Lauren Robel

You learn a lot growing up around the world. Few know that better than Provost Lauren Robel.

With a father in the military, Lauren has lived in more states and countries than she can count — an experience that afforded many life lessons. But one of her biggest takeaways was the importance of inclusion and hospitality — principles she's carried throughout her career and worked to instill in her communities.

Lauren earned her bachelor's degree in English from Auburn University in 1978. Life in Bloomington soon followed, and she began studying at the Maurer School of Law. In 1983, she entered the legal profession and noticed the dearth of women acting as mentors and role models. After joining the Maurer faculty two years later, Lauren made it a priority to support many of her students through mentorship.

Description of the following video:

My name is Lauren Robel. I'm the provost at Indiana University-Bloomington. I grew up all over the world. My father was in the military, and so we lived in many countries and many states. Growing up in that way, I was always a new person wherever I went. I always had the experience of being the outsider and having the opportunity to learn what the new place was like and what the people who lived there thought. It made me feel very strongly about a definition of hospitality that, that came from Henri Nouwen. And it is this, it is, hospitality means primarily the creation of free space where a stranger can enter and become a friend instead of an enemy.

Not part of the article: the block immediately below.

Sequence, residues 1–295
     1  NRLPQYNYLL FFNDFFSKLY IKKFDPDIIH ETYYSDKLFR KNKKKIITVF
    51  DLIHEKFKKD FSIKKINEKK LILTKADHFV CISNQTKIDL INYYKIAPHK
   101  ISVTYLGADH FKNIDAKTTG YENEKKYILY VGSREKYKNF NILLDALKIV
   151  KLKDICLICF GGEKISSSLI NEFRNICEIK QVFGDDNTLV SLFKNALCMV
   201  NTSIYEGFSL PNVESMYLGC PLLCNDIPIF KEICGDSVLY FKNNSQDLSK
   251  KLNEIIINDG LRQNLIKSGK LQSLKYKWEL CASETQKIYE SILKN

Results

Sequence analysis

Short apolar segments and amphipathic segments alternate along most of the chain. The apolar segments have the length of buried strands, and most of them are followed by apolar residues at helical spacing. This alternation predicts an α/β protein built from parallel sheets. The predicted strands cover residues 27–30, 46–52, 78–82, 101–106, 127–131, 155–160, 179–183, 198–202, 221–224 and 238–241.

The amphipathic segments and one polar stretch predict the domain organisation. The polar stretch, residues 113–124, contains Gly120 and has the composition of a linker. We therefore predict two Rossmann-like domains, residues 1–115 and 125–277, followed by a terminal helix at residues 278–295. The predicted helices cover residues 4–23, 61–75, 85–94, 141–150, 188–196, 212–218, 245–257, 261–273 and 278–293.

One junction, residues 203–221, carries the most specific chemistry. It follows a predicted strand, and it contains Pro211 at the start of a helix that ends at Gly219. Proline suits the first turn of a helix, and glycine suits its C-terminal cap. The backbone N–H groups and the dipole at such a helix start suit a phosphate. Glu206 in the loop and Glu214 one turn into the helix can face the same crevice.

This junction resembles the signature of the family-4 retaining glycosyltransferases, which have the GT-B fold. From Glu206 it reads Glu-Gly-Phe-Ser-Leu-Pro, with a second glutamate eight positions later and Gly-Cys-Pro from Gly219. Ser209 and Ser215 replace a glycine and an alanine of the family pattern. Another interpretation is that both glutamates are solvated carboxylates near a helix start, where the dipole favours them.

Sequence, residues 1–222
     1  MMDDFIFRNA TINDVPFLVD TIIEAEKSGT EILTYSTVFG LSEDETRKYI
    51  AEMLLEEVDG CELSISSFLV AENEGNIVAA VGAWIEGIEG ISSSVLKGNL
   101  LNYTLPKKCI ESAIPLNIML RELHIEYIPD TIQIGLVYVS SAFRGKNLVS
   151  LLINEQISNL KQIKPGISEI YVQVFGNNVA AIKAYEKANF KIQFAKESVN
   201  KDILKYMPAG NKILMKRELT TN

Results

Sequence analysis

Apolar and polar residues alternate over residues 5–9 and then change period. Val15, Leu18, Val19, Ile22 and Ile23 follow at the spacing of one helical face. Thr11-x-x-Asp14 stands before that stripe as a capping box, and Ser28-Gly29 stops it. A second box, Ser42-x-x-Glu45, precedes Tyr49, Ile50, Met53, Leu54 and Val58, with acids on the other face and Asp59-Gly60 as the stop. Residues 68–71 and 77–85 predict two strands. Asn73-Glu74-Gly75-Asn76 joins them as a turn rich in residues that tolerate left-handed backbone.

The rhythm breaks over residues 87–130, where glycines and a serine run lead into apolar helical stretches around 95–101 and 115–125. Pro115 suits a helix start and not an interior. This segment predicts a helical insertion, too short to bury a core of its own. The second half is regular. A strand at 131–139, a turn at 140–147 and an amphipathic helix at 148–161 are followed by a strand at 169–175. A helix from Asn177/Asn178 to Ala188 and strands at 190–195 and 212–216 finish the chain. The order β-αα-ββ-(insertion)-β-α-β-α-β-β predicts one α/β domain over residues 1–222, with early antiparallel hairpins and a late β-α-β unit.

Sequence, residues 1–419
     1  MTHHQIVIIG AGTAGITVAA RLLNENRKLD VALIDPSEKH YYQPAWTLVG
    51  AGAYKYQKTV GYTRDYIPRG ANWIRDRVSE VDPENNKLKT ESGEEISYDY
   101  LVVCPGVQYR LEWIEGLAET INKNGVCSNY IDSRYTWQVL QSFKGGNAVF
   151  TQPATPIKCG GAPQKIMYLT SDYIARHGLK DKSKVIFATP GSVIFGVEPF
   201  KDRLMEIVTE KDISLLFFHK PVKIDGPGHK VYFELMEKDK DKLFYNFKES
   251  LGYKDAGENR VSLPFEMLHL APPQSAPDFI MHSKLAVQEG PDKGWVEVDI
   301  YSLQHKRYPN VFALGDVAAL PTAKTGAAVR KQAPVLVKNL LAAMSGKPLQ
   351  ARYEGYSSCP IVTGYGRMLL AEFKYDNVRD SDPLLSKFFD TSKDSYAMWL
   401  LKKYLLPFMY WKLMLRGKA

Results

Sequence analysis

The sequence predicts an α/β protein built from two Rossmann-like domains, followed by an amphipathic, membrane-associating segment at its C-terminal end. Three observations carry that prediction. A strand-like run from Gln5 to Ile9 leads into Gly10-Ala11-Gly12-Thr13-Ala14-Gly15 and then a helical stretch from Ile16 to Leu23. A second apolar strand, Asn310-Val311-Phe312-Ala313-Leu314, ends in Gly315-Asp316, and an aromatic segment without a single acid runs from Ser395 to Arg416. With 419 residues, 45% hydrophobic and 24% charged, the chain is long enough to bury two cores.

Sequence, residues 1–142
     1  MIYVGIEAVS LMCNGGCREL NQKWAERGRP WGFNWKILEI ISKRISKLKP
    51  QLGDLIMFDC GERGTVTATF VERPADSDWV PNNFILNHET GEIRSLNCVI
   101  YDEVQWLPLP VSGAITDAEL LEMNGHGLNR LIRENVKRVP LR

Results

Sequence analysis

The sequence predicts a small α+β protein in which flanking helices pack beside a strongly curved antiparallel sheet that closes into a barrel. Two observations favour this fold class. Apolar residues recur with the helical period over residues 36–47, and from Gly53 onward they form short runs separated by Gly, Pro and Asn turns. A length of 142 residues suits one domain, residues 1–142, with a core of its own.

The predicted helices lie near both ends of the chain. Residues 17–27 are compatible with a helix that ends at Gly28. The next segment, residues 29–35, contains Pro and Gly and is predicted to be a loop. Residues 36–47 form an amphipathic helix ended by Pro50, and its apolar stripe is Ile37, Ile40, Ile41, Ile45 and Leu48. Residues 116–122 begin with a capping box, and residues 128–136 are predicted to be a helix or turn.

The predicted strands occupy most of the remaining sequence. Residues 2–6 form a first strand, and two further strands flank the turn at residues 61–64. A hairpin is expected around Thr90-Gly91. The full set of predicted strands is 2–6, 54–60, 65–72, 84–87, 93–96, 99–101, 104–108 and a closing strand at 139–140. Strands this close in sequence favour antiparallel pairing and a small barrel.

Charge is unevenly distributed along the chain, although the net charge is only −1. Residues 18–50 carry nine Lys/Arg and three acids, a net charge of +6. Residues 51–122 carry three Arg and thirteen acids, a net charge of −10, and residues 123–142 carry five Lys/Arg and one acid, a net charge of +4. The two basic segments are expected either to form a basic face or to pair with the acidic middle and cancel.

What is it that you do that encourages inclusion here at Indiana University?

 

I listen. I listen for times when I can make a connection. I listen for places where people are seeing barriers that I think I can knock down. And I listen for those spaces where I think people can find points of intersection. I mean, an inclusive environment is everything because we create a vibrant democracy by bringing all viewpoints to the table. We create vibrant classrooms, vibrant workplaces. It's what makes it possible for us to be better people, to exhibit more understanding, to learn. That's why we're here.

I worked a lot with my students on ways they could open those doors that their mentors—who often weren't like them—didn't think to open.